Wu

Hi Wu,

A couple of things. First, you’re doing one too many operations. You are
going from complex float to short to float. You could just go from
complex
to float. There is gr.complex_to_float that will provide two output
streams
for I and Q; complex_to_real or complex_to_imag for each stream
independently; of you could use complex_to_mag or complex_to_mag_squared
for
the magnitude of the complex number.

Second, and the main reason for your question, is that you are never
running
the flow graph. You construct a flow graph using the connect functions,
but
that doesn’t start any samples running through it. So, given the class
you’ve defined here, call it wu_top_block, we need to return an object:

tb = wu_top_block()

Then you need to run the flowgraph:

tb.start()

This will start your system running and collecting data. After this, you
should be able to set a while loop to look at the data:

while(1):

print tb.probe.value()

time.sleep(1000)

So the value get’s printed every second.

Something like that.

Tom

http://gnuradio.org/doc/doxygen/modules.html is a good place to browse
what
available.

2012/2/15 Wu Ting [email protected]

Thanks. This site is helpful. It would be really great if it has some
examples for each function.

Wu

From: Andrew D. [mailto:removed_em[email protected]]
Sent: 2012215 14:29
To: Wu Ting; [email protected]
Subject: Re: [Discuss-gnuradio] About the use of gr.probe_signal_f()

http://gnuradio.org/doc/doxygen/modules.html is a good place to browse
what
available.

2012/2/15 Wu Ting [email protected]

Hi Tom,

Thank you very much for your detailed explanation. That really works!

I really want to learn more about GNURadio by myself. But I dont know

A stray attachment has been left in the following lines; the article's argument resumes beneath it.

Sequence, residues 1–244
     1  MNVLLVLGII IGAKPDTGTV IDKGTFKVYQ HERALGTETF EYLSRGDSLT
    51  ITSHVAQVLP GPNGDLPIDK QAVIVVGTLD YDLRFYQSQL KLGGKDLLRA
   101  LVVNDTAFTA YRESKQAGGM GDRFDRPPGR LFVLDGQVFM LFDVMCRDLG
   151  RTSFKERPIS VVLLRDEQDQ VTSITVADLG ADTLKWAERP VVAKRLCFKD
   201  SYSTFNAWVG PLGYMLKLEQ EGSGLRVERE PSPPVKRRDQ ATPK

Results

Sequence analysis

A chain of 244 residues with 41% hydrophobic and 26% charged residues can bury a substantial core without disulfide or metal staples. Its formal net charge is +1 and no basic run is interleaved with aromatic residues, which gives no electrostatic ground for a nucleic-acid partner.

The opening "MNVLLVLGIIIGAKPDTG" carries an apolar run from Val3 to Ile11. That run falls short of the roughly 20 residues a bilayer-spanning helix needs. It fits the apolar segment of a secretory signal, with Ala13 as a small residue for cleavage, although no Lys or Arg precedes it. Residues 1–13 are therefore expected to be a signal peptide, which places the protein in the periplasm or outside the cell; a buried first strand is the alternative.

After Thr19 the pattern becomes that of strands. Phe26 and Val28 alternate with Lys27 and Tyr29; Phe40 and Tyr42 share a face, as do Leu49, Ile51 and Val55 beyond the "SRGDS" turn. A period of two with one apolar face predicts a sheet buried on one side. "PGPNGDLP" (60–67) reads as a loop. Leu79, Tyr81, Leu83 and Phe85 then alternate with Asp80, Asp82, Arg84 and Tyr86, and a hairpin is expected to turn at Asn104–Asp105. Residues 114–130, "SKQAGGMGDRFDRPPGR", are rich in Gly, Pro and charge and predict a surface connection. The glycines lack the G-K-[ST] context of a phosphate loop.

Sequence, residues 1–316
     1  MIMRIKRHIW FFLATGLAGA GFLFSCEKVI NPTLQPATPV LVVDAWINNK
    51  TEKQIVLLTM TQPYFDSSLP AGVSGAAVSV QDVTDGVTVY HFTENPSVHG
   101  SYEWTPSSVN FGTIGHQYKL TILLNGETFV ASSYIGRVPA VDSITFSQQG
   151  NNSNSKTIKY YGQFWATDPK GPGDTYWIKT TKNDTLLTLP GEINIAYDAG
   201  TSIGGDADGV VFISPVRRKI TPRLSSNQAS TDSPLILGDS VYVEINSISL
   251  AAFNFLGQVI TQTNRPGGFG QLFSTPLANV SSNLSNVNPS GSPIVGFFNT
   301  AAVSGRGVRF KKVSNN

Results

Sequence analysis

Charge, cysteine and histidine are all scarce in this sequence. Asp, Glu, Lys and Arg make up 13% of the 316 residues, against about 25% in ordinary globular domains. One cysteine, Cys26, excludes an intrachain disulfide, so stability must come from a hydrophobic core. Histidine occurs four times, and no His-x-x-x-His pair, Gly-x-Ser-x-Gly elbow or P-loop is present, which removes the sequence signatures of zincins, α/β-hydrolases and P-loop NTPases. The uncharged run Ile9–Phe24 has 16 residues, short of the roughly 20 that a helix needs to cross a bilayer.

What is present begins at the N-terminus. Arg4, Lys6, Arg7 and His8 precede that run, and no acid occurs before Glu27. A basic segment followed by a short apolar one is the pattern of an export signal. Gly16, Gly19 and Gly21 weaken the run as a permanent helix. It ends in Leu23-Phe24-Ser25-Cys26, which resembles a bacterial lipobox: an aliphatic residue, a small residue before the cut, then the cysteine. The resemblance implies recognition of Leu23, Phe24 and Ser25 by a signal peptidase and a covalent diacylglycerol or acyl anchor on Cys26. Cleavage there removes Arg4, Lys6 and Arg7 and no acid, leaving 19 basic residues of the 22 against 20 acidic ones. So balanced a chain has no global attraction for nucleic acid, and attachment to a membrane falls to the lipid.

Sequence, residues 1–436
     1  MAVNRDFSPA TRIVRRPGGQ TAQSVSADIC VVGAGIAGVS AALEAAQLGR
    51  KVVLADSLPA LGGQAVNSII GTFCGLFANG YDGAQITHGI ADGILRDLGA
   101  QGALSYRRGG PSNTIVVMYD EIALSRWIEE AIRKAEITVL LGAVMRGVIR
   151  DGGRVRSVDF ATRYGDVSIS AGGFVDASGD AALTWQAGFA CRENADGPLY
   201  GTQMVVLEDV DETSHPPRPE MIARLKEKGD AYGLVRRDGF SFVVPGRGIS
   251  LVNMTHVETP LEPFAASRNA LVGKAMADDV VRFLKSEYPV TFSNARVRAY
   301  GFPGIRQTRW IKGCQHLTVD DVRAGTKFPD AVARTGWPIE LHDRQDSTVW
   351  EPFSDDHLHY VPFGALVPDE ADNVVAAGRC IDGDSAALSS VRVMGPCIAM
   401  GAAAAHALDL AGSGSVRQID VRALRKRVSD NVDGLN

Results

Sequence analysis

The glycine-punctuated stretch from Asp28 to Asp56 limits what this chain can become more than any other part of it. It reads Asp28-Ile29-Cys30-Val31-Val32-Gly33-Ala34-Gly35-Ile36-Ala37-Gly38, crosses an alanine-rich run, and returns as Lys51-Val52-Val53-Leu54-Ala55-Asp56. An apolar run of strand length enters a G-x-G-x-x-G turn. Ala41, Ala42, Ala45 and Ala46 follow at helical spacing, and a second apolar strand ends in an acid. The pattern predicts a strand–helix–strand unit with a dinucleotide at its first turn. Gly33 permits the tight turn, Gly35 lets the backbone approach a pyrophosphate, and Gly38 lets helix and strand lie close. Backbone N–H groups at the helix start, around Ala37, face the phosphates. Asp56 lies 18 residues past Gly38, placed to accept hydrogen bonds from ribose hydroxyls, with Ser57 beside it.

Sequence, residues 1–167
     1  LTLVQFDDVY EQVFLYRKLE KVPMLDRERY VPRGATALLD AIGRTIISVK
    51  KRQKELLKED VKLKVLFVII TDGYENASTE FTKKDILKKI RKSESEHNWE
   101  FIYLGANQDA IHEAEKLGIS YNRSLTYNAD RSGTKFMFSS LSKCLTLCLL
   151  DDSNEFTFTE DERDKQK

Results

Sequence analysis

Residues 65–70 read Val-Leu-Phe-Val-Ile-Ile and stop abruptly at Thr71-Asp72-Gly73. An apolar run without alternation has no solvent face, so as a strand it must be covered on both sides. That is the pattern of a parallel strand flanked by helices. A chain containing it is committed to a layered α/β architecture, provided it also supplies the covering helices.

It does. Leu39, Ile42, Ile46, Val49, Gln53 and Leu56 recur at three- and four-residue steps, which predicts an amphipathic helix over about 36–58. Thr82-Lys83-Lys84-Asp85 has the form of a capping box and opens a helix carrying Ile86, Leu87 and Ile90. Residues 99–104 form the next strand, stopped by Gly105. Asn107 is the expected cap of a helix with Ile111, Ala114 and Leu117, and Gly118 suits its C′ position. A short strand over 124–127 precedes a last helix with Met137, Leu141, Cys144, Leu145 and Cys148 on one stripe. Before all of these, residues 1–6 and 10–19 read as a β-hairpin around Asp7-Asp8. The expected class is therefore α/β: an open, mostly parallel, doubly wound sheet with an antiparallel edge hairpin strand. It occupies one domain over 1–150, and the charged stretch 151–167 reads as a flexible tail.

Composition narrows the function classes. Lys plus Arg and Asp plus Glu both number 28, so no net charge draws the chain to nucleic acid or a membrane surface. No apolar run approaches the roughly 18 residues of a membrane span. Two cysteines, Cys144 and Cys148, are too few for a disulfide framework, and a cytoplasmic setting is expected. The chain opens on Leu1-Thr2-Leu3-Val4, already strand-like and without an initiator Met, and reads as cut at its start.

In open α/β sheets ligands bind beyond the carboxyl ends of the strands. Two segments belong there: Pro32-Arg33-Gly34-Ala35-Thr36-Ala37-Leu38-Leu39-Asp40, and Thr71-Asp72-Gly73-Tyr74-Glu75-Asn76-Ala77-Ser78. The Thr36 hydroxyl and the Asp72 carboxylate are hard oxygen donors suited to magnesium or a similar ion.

how
should I go on. How can I find the right function/module/block for some
specific purpose? Do you have any suggestion?

Thanks again.

Wu

From: [email protected] [mailto:[email protected]] On Behalf Of
Tom
Rondeau
Sent: 2012215 0:01
To: Wu Ting
Cc: [email protected]
Subject: Re: [Discuss-gnuradio] About the use of gr.probe_signal_f()

On Tue, Feb 14, 2012 at 4:00 AM, Wu Ting
<[email protected]
jp> wrote:

Hi all,

Im trying to read the real-time value of a stream from USRP. Im
considering using gr.probe_signal_f, but it seems to not work. Im really
new to GNURadio, so please forgive me if I ask some stupid question.

My method is like this:

#First generate a source from USRP:

self.source = uhd.usrp_source(device_addr=,
stream_args=uhd.stream_args(fc32, sc16), args=scalar=1024)

#change from complex to interleaved short:

op1 = gr.complex_to_interleaved_short()

#change from short to float

op2 = gr.short_to_float()

#create probe

self.probe = gr.probe_signal_f()

self.connect(self.source, op1, op2, self.probe)

And in a true while loop, I print the value of the probe, but the value
is
always 0.0

Could anyone tell me what is the problem? And is there any better way to
realize this function?

Thanks.

Wu

Hi Wu,

A couple of things. First, you’re doing one too many operations. You are
going from complex float to short to float. You could just go from
complex
to float. There is gr.complex_to_float that will provide two output
streams
for I and Q; complex_to_real or complex_to_imag for each stream
independently; of you could use complex_to_mag or complex_to_mag_squared
for
the magnitude of the complex number.

Second, and the main reason for your question, is that you are never
running
the flow graph. You construct a flow graph using the connect functions,